Shiatsu days

13 05 2010

After leaving radio, partly due to my ill health at the time, I felt that I didn’t just want to sit at home and do nothing, but learn something and do something that was gentle and quiet, and thus I fell headlong into my crystal wearing hippy days during the 1990s.

I joined the Australian Shiatsu college in Fitzroy, not having a clue what shiatsu was, but I had thought that massage might be a good thing to try.

So I turned up one morning and suddenly it dawned on me that I had not touched another person in my life, and that for about two minutes I had an internal panic, which vanished after I reasoned that I was here to do this and learn something new and it was going to be fine, and it was.

I started off terribly, referring to the diagrams in my books as I was going, and once got told off by some woman who declared that I’d given her the worst shiatsu she’d ever had, but I think she was having PMS or something, I was defended quietly by other classmates.

Now and then I’d try out what I leant on Dad, who really enjoyed the massages he got, and I found that half way through them he’d fall asleep, which was a good thing as he was not a restful person.

I invited a friend of mine to the school once and worked on him, and was surprised when he started snoring.
the thing that I discovered was most fun was that I could sneak out after the massage, leaving the relaxed person alone, who would generally wake in surprise that I wasn’t there anymore.

The classes got harder and harder and acupuncture points became a part of the study, I felt I had not signed up for this and got a bit annoyed, though I didn’t express my discontent, I often don’t.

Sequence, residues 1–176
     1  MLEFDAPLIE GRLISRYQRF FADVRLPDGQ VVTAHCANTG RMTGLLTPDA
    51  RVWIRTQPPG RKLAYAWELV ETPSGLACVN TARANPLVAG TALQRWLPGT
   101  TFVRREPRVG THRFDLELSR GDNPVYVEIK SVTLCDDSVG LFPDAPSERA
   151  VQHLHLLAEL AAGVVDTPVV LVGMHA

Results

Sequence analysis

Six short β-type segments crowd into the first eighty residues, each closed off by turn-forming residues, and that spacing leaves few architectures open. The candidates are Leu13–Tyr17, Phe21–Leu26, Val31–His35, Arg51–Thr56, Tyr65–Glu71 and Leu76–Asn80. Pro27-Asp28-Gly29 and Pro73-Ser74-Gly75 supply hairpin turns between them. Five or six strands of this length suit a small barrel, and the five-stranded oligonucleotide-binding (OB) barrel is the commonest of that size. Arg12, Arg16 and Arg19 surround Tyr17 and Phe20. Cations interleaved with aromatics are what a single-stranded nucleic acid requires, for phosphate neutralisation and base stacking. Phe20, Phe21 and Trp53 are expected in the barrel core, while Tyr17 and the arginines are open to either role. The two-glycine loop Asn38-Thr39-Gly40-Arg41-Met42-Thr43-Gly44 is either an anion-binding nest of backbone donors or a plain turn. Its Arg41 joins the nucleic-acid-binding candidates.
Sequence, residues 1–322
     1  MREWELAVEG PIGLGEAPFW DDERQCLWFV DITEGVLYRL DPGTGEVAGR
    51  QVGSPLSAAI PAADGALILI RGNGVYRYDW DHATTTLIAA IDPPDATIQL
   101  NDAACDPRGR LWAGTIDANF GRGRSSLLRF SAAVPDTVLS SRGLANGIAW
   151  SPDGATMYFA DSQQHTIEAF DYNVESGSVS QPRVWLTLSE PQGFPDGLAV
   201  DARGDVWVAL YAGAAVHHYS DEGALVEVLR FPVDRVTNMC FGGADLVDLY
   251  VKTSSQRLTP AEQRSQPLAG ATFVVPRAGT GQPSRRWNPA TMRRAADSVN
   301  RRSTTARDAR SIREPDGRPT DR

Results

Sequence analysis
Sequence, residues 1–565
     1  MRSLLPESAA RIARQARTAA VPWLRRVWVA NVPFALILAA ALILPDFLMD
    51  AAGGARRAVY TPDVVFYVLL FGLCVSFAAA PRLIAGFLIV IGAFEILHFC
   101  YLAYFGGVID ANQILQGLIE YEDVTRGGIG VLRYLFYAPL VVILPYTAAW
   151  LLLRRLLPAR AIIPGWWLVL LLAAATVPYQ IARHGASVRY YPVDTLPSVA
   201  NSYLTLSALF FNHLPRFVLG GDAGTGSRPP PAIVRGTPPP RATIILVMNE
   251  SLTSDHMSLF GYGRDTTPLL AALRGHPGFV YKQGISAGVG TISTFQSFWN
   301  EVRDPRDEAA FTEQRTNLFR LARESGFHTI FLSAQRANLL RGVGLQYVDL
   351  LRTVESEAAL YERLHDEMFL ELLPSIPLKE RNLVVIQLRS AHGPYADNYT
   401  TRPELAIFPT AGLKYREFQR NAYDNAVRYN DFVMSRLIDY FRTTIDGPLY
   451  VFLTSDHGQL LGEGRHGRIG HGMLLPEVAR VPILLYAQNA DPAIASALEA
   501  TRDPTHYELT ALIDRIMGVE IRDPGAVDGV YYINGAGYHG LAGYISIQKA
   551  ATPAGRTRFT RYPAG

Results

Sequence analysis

I didn’t pass, possibly because I didn’t study much, possibly because I couldn’t bullshit enough.

I think the day when I began waking up was the day that we had the food preparation day. it was one of those health giving hippy diets full of delicious blandness that real people just don’t eat.

Now I should say that I do or did, eat healthy food already. my lunch often consisted of a lovely big salad sandwich and I mostly drank fruit juices or milk (never coffee or tea). yet despite this, I still got cancer anyway.

I was quite happy to learn how to cook something new, but once I tasted it, and I was starving by this time, I hated it. I doubt that cardboard could have been blander.

Fortunately there was a Maccas down the street, and I hastily sneaked down the road and got myself lunch there, which was not really something I’d normally do.

Later there was a discussion on the food and everyone was asked to comment one by one on what they thought of the food… I decided to be completely honest, I told them exactly what I thought, and what I’d had for lunch. some were horrified, but I didn’t care.

Mum used to say “A hungry man is an angry man” and she was right, my stomach was fed up with all the hippy shit and just wanted something to eat for crying out loud.

I’m not saying it was a total failure, the experience was interesting, I made a few new friends, it made me less concerned about my body, I found that I could speak more easily about things which I’d keep locked away in a dark place… and frankly that’s a pretty awful thing to do. and I really did feel a lot healthier thanks to all the massages and yoga we did at the time.

But I was hoping that perhaps it would have lead to a job, it didn’t.

I moved on, I became a “friend of the zoos” and would help at Melbourne Zoo once a week, which I liked.

Everything I’ve done in life revolves around being a volunteer or a student. I tinkered with a dog walking business for a while, which bought in little amounts of money and I also had a job where I was paid $500 once, it was some council job and involved colouring in, I didn’t get it and found it kind of an insult to my intelligence and left.

and here I am.





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